Noisey met with McNerney as he returned from spending Christmas in England with his wife and Hevessel collaborator, Marja Konttinen, and the couple's newborn son. They live in the middle of nowhere in a house he has painstakingly renovated, where he and Marja grow their own food and have learned the skills of foraging and woodland survival, able to cut themselves off completely from the stresses of modern life. Knowing the difference between which mushrooms go nicely on a slice of toast and which go nice as part of a moonlight adventure with friends or making a pot roast from produce from your own garden is hardly sex, drugs and rock'n'roll, is it?

McNerney disagrees. "That's why so many idolized Lemmy," he says, himself an obvious admirer of the Born To Lose, Live To Win legend. Motörhead's MO is at the very heart of Grave Pleasures' DNA, after all. "He really did live it, against all the odds. He never gave up. He died in front of his favourite pinball machine. But then I do think it's sad, in a way. It's sad thing to die with your manager."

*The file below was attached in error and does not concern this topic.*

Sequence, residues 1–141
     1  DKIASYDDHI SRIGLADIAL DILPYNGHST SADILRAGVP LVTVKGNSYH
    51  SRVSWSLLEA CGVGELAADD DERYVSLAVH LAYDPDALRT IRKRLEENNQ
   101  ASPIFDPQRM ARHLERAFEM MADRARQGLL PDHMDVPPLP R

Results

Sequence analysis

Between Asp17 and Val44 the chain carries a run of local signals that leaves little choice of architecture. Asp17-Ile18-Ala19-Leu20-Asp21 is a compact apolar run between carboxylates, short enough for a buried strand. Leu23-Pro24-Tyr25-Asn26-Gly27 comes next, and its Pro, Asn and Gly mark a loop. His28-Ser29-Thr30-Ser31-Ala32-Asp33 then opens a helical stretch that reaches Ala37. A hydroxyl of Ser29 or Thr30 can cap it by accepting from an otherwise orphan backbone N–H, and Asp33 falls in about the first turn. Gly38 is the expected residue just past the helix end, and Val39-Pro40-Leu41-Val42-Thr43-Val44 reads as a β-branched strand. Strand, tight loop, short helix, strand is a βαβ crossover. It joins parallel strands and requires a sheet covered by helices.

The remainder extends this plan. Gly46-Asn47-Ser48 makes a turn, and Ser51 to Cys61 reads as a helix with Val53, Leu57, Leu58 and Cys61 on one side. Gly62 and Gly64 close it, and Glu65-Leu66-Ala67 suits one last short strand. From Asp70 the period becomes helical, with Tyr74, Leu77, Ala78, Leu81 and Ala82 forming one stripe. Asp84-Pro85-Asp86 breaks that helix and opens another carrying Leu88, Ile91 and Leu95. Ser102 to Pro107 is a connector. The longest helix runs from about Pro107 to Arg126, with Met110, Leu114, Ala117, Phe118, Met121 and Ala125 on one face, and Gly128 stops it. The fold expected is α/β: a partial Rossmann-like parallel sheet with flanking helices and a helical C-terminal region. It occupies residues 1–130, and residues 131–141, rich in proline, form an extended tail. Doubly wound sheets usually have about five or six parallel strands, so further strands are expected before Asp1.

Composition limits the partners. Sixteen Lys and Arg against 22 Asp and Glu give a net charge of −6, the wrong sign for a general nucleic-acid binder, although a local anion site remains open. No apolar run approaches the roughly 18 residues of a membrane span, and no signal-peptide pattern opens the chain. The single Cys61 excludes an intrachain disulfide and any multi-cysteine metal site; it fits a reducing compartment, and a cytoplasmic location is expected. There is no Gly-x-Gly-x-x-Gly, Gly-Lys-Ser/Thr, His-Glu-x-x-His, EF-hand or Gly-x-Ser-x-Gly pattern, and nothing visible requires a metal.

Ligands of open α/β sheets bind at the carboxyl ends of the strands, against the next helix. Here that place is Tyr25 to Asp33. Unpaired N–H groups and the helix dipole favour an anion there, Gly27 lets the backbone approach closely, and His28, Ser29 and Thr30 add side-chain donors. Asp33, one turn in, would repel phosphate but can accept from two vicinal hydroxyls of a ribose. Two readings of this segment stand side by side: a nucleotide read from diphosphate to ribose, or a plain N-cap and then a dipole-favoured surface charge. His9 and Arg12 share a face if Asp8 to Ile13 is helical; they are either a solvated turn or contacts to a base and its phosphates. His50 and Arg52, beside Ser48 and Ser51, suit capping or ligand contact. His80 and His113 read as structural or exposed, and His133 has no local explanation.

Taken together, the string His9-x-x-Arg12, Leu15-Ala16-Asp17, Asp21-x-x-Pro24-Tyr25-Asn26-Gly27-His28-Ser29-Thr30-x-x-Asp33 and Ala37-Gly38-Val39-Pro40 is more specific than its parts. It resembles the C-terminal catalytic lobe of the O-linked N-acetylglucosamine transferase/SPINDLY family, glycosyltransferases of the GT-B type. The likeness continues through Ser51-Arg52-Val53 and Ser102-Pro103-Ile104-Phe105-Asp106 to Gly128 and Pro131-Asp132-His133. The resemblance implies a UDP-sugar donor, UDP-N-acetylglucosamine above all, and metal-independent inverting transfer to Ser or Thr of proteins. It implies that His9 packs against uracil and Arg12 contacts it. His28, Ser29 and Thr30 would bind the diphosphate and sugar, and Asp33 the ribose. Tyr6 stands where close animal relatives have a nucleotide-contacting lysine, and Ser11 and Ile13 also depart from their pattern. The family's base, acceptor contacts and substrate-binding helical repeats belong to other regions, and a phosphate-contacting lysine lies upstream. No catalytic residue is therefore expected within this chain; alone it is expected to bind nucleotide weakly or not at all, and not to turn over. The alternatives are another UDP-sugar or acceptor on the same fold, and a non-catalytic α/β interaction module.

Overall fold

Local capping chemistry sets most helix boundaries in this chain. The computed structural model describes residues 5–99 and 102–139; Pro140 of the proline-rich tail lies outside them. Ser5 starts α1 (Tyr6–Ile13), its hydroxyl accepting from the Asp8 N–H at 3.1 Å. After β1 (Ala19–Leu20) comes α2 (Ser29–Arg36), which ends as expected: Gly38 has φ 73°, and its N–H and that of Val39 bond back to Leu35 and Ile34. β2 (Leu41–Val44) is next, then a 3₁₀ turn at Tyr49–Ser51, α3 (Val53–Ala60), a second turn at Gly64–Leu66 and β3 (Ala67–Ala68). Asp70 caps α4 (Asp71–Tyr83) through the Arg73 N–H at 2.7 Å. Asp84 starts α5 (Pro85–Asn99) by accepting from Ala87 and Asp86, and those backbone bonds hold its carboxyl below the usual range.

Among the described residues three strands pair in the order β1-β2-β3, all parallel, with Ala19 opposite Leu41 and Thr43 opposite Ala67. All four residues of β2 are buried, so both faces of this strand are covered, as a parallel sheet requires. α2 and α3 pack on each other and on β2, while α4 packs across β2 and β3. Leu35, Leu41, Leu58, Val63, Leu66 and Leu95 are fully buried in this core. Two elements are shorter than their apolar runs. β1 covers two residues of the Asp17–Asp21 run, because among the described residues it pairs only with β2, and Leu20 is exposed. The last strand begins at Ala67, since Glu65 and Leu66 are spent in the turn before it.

As he prepares for Hexvessel's upcoming new album, When We Are Death(out January 29 on Century Media), and describes himself as a father, a husband and a nature mystic before a musician, is rock'n'roll a faded dream for Mat McNerney?

Noisey: It seems apt in the wake of Lemmy's passing to talk about how rock'n'roll is defined by his lifestyle. With raising a child, growing your own vegetables and playing in a "forest folk" band, have you put your days of rock'n'roll exploits behind you?